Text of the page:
You know, social media can be a tricky place to navigate, even (or perhaps especially?) when it comes to gardening. Yet, in the muddle of trolls and bots, there are some fascinating voices out there that can really help you challenge your preconceptions and expand your horticultural horizons. Out of all the lessons I have learned, probably the very best is how we should fall back in love with gooseberries.
As a child in tropical Asia my only knowledge of gooseberries was from storybooks. Fascinated by illustrations of their weird shape and magical translucence, I was determined to try some when visiting my grandmother back in Wales. I was not put off by my mum’s warnings that they needed to be boiled in sugar to be rendered edible. How could that possibly be true? I tracked some down in a supermarket, and crunched straight into one and was instantly horrified by the mouth-puckering acidity and rasping texture. Essentially, there were no redeeming features. It was like a kiwi made worse in every way.
A quarter of a century later, even as a botanist whose research centred on under-utilised crop species, it was an entrenched opinion I still held. Even though as a species we only regularly eat around 100 of the estimated 50,000 edible crops on the planet, it’s often with good reason. “Technically edible” doesn’t always mean “worth eating”. No wonder, I thought, that gooseberries have been declining in popularity for decades, making them unavailable in supermarkets.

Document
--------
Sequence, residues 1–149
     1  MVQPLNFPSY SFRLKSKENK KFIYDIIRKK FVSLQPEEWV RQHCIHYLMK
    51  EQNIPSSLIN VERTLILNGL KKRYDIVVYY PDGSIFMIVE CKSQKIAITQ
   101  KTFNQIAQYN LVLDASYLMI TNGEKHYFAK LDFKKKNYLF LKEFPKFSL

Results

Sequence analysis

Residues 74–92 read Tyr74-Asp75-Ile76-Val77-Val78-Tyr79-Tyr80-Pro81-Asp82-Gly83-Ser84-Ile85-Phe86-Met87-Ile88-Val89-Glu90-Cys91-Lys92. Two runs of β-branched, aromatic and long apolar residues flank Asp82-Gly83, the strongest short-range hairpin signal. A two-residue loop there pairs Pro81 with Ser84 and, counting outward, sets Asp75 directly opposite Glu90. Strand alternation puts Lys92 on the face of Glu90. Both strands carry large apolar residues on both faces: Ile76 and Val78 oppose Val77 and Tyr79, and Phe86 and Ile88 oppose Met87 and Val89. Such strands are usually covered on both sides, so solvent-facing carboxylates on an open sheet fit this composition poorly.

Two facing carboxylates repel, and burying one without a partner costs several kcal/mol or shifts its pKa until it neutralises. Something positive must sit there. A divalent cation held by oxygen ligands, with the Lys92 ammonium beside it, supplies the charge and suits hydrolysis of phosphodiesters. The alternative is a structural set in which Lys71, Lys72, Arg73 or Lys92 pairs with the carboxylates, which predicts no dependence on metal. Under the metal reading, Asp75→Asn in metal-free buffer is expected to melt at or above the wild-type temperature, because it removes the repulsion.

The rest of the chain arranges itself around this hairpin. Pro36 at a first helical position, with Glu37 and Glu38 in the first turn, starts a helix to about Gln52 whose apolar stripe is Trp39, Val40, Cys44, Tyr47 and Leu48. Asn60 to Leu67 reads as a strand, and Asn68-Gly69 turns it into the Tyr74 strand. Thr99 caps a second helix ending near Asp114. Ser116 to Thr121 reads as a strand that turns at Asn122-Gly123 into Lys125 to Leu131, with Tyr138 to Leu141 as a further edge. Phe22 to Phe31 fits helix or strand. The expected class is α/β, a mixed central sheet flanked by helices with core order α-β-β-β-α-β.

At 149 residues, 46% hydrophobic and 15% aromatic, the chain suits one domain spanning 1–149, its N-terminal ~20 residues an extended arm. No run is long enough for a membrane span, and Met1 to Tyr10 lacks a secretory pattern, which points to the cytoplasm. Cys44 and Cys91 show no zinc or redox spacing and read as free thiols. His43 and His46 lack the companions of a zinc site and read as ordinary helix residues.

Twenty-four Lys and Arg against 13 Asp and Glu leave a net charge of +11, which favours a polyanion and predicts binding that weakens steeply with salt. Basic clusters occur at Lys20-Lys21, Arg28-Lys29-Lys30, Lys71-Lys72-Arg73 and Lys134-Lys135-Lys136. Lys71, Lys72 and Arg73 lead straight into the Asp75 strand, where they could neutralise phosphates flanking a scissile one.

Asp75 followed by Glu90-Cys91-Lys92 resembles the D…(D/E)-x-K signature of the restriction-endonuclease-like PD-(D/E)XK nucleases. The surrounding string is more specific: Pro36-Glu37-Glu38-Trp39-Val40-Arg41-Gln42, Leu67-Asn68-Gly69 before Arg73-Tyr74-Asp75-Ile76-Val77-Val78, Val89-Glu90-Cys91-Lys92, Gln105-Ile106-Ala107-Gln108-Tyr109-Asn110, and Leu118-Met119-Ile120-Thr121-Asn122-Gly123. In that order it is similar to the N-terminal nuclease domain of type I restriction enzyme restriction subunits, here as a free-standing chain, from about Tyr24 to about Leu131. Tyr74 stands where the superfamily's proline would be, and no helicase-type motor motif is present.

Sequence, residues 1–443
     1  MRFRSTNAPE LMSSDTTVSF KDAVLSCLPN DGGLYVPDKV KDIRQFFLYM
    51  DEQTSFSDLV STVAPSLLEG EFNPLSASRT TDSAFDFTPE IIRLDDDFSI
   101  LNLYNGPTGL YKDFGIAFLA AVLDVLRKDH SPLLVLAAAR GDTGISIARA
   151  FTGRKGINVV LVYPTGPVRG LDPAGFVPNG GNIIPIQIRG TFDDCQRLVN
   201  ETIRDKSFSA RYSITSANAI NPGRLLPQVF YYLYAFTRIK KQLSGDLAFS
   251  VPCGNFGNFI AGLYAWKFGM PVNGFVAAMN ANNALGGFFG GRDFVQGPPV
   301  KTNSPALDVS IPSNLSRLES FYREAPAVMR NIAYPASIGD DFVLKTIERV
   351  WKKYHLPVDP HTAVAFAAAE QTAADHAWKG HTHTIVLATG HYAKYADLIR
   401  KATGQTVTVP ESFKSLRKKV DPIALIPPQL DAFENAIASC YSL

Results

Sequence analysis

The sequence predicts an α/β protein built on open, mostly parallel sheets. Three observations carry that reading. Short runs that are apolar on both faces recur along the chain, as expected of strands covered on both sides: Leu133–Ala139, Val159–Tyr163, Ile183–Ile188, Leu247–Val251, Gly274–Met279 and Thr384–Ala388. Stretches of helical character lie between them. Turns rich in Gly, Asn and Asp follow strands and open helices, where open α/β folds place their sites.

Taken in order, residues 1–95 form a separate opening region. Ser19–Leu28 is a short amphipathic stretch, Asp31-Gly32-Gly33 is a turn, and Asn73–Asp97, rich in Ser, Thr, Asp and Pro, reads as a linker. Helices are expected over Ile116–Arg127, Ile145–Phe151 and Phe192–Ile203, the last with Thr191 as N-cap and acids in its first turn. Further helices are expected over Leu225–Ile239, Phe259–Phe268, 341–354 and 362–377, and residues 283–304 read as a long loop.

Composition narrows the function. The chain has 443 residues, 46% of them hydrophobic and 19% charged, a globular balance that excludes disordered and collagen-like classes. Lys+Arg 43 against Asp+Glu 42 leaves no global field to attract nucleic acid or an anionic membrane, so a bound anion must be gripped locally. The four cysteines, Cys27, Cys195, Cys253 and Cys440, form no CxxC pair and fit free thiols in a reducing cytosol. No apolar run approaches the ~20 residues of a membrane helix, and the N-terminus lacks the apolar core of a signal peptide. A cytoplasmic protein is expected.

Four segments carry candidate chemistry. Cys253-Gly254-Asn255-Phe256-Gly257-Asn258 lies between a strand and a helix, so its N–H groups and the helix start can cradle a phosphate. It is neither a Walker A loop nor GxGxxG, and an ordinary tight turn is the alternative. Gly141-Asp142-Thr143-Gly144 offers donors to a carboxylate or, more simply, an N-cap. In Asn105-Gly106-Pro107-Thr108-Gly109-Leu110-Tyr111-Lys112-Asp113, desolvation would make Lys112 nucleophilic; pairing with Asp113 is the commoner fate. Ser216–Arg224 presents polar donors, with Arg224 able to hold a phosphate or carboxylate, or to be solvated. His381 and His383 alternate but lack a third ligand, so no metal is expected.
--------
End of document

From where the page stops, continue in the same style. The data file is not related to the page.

Luckily for me, these mundane thoughts are the kind of thing I often tweet about and even luckier I have some of the smartest horticulturists out there as followers to keep me on the straight and narrow. One of them was kind enough to invite me to the huge collection of gooseberries at RHS Garden Wisley where I spent a day munching my way through their collection.
I was astonished to discover an immense diversity of berries in a range of dazzling jewel tones, with flavours akin to tropical fruit, even with floral notes, whose characteristic tartness was easily matched by a wonderfully syrupy sugar level. It was there that I learned the sour “culinary”’ varieties of the 20th century were bred specifically to be used in the sugar-laden crumbles and pies to balance the jaw-aching sweetness of the crumble. They were usually picked unripe, too, so as to maximise their sour tang.
Yet, before the wide availability of sugar at low prices, the older “dessert” varieties were sweet enough to be eaten fresh off the bush. So if you, like me, had been conditioned against the wonders of these incredible fruit, I beg you to give the older varieties a chance this summer. If you want three of the very best to start with try Golden Drop, Captivator and Langley Gage.
Follow James on Twitter @Botanygeek